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When David Zinc, a young but already burned-out attorney, joins Oscar Finley and Wally Figg at their law firm in a seedy bungalow office in southwest Chicago they all become involved with a class action suit against the drug manufacturer Varrick Labs.
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Amazon.com Product Description (ISBN 0385535139, Hardcover)

The partners at Finley & Figg—all two of them—often refer to themselves as “a boutique law firm.” Boutique, as in chic, selective, and prosperous. They are, of course, none of these things. What they are is a two-bit operation always in search of their big break, ambulance chasers who’ve been in the trenches much too long making way too little. Their specialties, so to speak, are quickie divorces and DUIs, with the occasional jackpot of an actual car wreck thrown in. After twenty plus years together, Oscar Finley and Wally Figg bicker like an old married couple but somehow continue to scratch out a half-decent living from their seedy bungalow offices in southwest Chicago.

And then change comes their way. More accurately, it stumbles in. David Zinc, a young but already burned-out attorney, walks away from his fast-track career at a fancy downtown firm, goes on a serious bender, and finds himself literally at the doorstep of our boutique firm. Once David sobers up and comes to grips with the fact that he’s suddenly unemployed, any job—even one with Finley & Figg—looks okay to him.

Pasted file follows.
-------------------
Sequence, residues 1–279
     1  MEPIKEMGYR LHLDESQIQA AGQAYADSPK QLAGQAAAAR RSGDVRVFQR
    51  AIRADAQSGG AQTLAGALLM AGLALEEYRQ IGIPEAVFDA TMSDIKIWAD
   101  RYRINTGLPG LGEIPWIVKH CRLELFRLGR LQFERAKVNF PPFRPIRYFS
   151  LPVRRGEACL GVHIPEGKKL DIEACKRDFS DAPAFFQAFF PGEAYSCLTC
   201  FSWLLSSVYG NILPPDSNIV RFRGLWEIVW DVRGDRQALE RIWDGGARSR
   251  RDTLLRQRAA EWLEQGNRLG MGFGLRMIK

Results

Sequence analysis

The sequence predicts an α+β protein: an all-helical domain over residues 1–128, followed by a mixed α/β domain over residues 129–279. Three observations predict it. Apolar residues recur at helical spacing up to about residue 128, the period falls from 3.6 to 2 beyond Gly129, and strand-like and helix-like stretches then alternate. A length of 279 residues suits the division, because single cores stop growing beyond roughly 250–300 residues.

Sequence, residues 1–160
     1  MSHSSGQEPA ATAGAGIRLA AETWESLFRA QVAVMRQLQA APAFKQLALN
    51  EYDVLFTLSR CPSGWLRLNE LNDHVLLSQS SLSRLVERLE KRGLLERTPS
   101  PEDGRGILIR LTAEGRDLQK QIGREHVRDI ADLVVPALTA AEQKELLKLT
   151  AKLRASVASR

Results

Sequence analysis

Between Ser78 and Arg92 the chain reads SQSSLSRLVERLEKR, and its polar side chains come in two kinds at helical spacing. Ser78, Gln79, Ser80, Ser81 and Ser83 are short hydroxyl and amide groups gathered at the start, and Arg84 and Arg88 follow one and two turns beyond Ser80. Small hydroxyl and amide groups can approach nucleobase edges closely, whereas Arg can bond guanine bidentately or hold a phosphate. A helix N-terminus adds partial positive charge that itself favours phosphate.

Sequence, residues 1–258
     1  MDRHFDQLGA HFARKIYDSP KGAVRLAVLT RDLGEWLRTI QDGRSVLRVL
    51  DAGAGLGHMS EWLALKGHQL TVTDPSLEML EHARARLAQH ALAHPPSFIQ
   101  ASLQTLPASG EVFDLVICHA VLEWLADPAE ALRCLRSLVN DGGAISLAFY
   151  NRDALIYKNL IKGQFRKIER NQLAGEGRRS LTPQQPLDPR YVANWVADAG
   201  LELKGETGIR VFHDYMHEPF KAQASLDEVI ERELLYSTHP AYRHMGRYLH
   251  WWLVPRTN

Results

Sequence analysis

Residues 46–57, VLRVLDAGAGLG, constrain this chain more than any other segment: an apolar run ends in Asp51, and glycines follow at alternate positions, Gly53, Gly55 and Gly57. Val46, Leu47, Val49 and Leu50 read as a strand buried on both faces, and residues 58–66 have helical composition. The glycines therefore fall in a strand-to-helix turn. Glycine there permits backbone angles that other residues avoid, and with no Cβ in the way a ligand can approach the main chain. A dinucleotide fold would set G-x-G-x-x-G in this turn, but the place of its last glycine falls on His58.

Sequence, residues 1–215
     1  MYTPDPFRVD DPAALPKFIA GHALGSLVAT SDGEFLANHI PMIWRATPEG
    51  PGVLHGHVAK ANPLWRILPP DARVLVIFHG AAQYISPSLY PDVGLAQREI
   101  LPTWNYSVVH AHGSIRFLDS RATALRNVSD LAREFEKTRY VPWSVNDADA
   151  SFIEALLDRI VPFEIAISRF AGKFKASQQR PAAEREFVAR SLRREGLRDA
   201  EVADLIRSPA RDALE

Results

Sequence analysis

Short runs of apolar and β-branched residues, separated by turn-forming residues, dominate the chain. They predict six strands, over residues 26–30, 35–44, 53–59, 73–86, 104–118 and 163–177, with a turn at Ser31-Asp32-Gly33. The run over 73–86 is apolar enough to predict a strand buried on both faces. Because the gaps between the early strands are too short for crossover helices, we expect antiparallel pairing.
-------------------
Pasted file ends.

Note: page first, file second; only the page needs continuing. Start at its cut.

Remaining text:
With their new associate on board, F&F is ready to tackle a really big case, a case that could make the partners rich without requiring them to actually practice much law. An extremely popular drug, Krayoxx, the number one cholesterol reducer for the dangerously overweight, produced by Varrick Labs, a giant pharmaceutical company with annual sales of $25 billion, has recently come under fire after several patients taking it have suffered heart attacks. Wally smells money.

A little online research confirms Wally’s suspicions—a huge plaintiffs’ firm in Florida is putting together a class action suit against Varrick. All Finley & Figg has to do is find a handful of people who have had heart attacks while taking Krayoxx, convince them to become clients, join the class action, and ride along to fame and fortune. With any luck, they won’t even have to enter a courtroom!

It almost seems too good to be true.

And it is.

The Litigators
is a tremendously entertaining romp, filled with the kind of courtroom strategies, theatrics, and suspense that have made John Grisham America’s favorite storyteller.

(retrieved from Amazon Thu, 12 Mar 2015 18:22:34 -0400)

(see all 7 descriptions)

Law firm partners Oscar Finley and Wally Figg see a chance for huge financial gain when they learn of a pending class action lawsuit against the makers of Krayoxx, a popular cholesterol-reducing drug suspected of causing heart attacks.

(summary from another edition)

» see all 8 descriptions